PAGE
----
Holidays 2016: When will employers shut their doors?

While the federal government will shut down on Martin Luther King Jr. Day, only 35% of private employers plan to do the same, according to a new Society for Human Resource Management Holiday Schedules 2016 survey.

HR budgets returning to pre-recession levels

The typical HR department saw its budget rise by 4.2% this year. That’s a slight rise from the past three years, when budget increases ran from 3.6% to 3.9%, but well up from the 2009-2011 recession levels, according to the newly released HR Department Benchmarks and Analysis report from Bloomberg BNA.

Scrutiny of arbitration agreements on the rise

If you require employees to sign arbitration agreements as a condition of employment, expect more questions from them in light of recent media attention.

OSHA fines to spike by 80%; first increase since 1990

For the first time in 25 years, employers hit by federal workplace safety violations will see an increase in financial penalties, thanks to a little-noticed provision tucked into a budget bill signed by President Obama on Nov. 2.

HR data security in the spotlight

Don't let your employees’ information become the target of the next high-profile data breach. Here's what you should know before contracting with a cloud vendor.

The HR I.Q. Test: November '15

Here's your monthly quiz on HR trends and issues.

Download a new guide explaining OSHA training standards

OSHA has released a new guide spelling out the occupational safety and health training employers must provide to workers.

What to do when your boss makes a bone-headed decision

Going against the boss is never easy, but in rare circumstances it’s necessary. Some misguided edicts from on high require someone to speak truth to power. On the other hand, you shouldn’t call attention to every little mistake you notice. Apply these three tests to determine when to speak up against your boss.

Sometimes you're justified to order mental exam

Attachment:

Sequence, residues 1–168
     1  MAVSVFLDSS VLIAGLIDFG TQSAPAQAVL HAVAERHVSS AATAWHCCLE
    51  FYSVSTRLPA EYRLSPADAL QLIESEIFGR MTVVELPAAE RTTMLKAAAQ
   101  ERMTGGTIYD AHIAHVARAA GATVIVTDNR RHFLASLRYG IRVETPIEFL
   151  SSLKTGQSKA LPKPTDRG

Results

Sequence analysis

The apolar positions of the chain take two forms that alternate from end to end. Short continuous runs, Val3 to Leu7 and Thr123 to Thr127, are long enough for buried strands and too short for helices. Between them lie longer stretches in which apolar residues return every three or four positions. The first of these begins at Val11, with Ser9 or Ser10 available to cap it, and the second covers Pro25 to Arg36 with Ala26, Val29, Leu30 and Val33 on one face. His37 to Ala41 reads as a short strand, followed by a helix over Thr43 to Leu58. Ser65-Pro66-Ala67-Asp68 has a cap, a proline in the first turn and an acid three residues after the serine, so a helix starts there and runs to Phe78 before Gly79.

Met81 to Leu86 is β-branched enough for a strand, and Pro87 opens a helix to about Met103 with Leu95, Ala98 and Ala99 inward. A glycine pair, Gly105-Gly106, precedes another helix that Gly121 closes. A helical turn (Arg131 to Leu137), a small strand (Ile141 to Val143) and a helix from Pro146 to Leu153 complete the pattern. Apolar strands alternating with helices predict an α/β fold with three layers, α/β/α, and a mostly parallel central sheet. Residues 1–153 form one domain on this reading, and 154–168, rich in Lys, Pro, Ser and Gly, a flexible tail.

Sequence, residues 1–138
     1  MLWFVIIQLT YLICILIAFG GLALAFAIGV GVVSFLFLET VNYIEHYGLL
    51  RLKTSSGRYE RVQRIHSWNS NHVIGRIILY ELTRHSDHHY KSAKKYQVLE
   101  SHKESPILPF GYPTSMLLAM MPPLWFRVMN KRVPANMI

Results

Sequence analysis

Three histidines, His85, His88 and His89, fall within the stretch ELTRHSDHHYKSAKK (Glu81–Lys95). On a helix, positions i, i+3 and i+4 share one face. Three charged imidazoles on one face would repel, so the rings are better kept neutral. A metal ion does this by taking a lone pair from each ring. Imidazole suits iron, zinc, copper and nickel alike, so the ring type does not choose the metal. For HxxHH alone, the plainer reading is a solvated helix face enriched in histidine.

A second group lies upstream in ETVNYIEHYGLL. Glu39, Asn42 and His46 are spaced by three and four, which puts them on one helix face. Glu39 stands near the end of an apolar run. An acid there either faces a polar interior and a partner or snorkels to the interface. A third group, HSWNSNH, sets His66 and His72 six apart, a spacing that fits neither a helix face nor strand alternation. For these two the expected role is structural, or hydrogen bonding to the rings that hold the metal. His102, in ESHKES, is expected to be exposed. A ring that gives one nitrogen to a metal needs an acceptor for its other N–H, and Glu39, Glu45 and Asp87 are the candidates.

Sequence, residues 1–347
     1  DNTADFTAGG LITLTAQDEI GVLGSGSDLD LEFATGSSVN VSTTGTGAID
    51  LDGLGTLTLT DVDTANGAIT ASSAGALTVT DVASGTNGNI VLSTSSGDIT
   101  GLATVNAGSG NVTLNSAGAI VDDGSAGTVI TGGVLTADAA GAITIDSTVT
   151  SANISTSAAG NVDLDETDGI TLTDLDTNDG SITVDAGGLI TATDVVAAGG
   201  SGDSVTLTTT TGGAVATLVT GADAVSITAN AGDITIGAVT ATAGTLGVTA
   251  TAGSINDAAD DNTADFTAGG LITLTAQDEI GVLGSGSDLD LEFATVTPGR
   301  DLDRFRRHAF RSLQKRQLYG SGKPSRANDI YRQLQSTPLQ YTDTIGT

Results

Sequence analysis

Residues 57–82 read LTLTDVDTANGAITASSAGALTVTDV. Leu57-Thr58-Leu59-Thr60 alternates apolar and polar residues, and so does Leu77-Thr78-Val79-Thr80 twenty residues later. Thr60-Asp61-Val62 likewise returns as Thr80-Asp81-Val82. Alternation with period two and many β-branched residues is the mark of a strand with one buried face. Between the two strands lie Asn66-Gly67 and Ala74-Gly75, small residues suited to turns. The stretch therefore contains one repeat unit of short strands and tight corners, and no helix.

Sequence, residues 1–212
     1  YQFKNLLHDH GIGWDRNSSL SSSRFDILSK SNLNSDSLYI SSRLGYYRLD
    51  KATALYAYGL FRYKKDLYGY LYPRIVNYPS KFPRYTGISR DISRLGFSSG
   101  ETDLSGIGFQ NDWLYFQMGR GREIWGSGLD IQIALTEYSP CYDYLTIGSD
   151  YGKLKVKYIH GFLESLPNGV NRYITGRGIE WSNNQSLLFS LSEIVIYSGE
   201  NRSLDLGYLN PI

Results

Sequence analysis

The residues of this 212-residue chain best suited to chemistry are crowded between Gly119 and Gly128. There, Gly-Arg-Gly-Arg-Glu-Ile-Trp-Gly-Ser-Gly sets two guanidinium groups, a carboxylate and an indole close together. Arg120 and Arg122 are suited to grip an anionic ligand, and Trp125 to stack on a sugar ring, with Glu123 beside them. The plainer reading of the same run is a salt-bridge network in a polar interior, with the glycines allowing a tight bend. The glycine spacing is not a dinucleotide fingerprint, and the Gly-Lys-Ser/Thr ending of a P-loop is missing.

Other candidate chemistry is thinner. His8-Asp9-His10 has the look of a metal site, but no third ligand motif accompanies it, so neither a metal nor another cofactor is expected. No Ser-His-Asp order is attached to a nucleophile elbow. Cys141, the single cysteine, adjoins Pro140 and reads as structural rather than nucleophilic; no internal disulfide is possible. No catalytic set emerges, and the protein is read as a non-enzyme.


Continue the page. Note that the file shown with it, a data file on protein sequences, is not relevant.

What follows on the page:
As long as you can show a business necessity for asking an employee to undergo a mental examination, there’s no ADA or Fair Employment and Housing Act liability. Erratic, insubordinate behavior that continues after a request to stop is a good business reason.

What are the most overrated (and underrated) jobs in America?


You don't see many TV shows or movies about HR professionals or environmental engineers, but according to a new survey, those are some of the most underrated professions in America today. Here's the list of most "overrated" and "underrated" jobs of 2015 ...

Encourage employees to get flu shots early

Forty-five percent of employees who get sick with the flu believe they caught it from someone at work, according to the medical journal “Clinical Infectious Diseases.” It’s a timely reminder that influenza season will soon be upon us, and that it’s not too early to urge employees to get flu shots.

Nip harassment suits in the bud: Establish clear system for lodging complaints


Employers that create and implement clear, well-publicized policies for reporting sexual and other forms of harassment can defeat many co-worker harassment claims. The key is to come up with a specific process featuring more than one avenue through which employees can complain. Then let employees know it’s there for their use.

Broad consensus on need to improve workforce readiness

Even in an era when political discourse is perpetually polarized, almost 90% of Americans agree that the federal government should do more to bolster the capabilities of U.S. workers.

Fired for gun in trunk: Can employee sue?

A court is about to tackle a tricky issue: Does a state law authorizing employees who park in company lots to keep guns locked in their trunks also create a right to sue if the employee is fired for gun possession?

The HR I.Q. Test: October '15

Here's your monthly quiz on HR trends and issues.
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